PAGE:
The San Francisco Board of Supervisors is expected to vote next Tuesday on an ordinance that would require large grocers in the city to report on antibiotics used in producing the meat they sell, says the San Francisco Examiner. The information would be made public in an effort “to use the power of the consumer to force marketplace change.”
The farm lobby has a reputation for punching above its weight when it comes to federal policy, while the beverage industry usually has prevailed easily in arguments over soda taxes. Their winning records will be tested in Tuesday's general election, when polls suggest agricultural groups will lose referendums in Massachusetts and Oklahoma.
The electoral tussles over 1-cent-per-ounce soda taxes in San Francisco and Oakland are becoming two of the most expensive campaigns in California this year with more than $46 million in donations, says public broadcaster KQED. The American Beverage Association has spent $28.7 million in fighting the taxes, said KQED, noting the nationwide ramification of referendums.
In the San Francisco Bay Area, the beverage industry is spending millions to convince voters that the proposed soda tax will raise their grocery prices, not just the cost of sugary drinks, says Bridget Huber in FERN’s latest story, produced with PRI’s The World.
The grassroots can beat Big Soda, says Philadelphia Mayor Jim Kenney in an interview about the City Council vote during the summer to put a 1.5-cent-per-ounce tax on soda and sugary beverages. "Don't be afraid of Big Soda. They are not that tough," Kenney told Vox.
The 21 percent decline in consumption of sugar-sweetened beverages (SSB) following implementation of a soda tax in Berkeley "has important public health implications, providing I think the strongest evidence so far that a tax would reduce SSB consumption," writes Parke Wilde, an associate professor at Tuft's Friedman School of Nutrition, at his blog U.S. Food Policy. The effect was found in a study published in the the American Journal of Public Health this month.
Voters in San Francisco will decide on Nov. 8 whether to put a 1-cent-an-ounce tax on sugar-sweetened beverages and to join neighboring Berkeley and Philadelphia as soda-tax cities. It would be the second ballot in two years on a soda tax in San Francisco with the new proposal having an easier path to passage.
IA San Francisco federal judge ruled that the city has the right to force sugary beverage companies to post health warnings in display ads for their products, says The San Francisco Chronicle. The law, which is the first in the nation, was challenged in court by the American Beverage Association, the California Retailers Association and the California State Outdoor Advertising Association. It will take effect on July 25th.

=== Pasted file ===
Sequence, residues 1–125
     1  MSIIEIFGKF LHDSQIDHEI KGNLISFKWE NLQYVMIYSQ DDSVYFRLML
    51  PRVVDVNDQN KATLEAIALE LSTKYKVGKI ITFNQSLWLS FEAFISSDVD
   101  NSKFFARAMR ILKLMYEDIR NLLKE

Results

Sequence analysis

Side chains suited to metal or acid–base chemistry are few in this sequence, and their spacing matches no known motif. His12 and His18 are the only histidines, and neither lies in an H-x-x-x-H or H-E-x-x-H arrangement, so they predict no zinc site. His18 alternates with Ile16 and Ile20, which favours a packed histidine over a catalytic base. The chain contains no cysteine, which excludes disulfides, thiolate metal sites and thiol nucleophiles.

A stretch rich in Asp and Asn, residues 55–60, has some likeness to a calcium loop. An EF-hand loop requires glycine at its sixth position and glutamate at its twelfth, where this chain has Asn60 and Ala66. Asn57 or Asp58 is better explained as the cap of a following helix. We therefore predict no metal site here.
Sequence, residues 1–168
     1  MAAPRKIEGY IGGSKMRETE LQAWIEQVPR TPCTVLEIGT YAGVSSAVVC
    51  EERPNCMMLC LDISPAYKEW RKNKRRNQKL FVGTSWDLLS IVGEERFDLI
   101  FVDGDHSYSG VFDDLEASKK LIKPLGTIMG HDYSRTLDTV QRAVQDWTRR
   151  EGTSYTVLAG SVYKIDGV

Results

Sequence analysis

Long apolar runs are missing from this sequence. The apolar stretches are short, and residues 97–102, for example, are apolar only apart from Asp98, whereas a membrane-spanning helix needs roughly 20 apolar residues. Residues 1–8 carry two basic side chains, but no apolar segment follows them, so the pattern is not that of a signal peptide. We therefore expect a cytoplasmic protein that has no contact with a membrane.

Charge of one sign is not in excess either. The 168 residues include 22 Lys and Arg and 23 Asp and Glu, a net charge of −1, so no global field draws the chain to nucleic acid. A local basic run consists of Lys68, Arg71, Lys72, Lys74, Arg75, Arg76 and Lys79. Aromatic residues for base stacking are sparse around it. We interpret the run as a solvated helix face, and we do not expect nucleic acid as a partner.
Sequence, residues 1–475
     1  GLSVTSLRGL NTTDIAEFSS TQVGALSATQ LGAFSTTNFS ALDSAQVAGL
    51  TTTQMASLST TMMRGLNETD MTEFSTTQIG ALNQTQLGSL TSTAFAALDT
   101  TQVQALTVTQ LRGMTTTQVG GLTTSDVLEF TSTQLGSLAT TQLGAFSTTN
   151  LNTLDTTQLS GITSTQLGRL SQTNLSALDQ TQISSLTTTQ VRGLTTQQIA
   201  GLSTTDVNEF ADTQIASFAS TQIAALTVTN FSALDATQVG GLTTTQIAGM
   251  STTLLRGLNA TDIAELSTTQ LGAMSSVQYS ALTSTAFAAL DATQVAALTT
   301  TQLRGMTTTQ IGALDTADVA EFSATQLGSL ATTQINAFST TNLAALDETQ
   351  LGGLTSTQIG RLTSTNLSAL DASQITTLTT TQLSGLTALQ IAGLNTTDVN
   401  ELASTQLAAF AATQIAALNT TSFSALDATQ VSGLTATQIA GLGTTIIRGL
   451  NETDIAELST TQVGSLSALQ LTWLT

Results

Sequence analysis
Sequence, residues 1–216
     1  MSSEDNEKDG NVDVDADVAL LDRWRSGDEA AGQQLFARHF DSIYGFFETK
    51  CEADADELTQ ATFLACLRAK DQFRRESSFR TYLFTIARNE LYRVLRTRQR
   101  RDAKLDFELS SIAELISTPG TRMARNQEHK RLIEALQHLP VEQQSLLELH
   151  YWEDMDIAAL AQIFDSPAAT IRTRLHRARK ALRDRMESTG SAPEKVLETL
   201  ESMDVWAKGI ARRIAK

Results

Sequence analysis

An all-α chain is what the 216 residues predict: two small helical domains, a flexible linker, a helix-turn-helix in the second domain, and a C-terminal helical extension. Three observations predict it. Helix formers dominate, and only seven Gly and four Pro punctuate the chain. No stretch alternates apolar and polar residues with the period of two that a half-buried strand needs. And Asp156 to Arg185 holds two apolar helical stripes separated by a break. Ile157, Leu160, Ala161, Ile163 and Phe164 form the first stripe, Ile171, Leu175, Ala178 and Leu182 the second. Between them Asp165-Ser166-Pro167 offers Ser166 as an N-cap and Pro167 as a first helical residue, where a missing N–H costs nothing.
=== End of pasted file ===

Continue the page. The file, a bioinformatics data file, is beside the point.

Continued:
San Francisco is remodeling its public school cafeterias to make them more attractive to students, according to stories in The Atlantic and on KGO-TV. The idea is to ensure students eat a nourishing meal.
Independent Greg Orman campaigned in typically Republican rural Kansas with the argument incumbent Pat Roberts doesn't keep the state's agricultural interests in mind, says the Associated Press.
A combined $9.1 is being spent to defeat referendums in Berkeley and San Francisco on taxing sugar-sweetened beverages, 18 times more than the $489,000 proponents have gathered, according to published reports.
Mayor Tom Bates of Berkeley, Calif, says the city referendum on a 1-cent soda tax "will definitely be a turning point" in the drive to reduce obesity by making sugary drinks more expensive, say the New York Times.
In Brentwood, a "para-urban" community in Contra Costa County on the eastern outskirts of San Francisco, an amalgam of groups combines to keep 20,000 acres of farmland in production and out of subdivisions, office parks and strip malls, says Kristina Johnson at Civil Eats.
The soda industry is pouring at least $2 million into two city referendums in California that propose a tax on sugar-sweetened beverages, says Politico. The votes in San Francisco and Berkeley across the bay could influence national policy on obesity. "If the tax passes in one of the two cities, as polls show it might, it’ll be the first loss for the beverage industry, which has emerged undefeated in more than 30 similar fights in states and cities, from Maine to El Monte, California in recent years," says Politico. Conversely, if the initiatives fail, it may discourage attempts elsewhere.
Several hospitals in San Francisco are working together "to add more fresh, organic and sustainable foods to their patient and cafeteria trays," writes Ingfei Chen at The Guardian.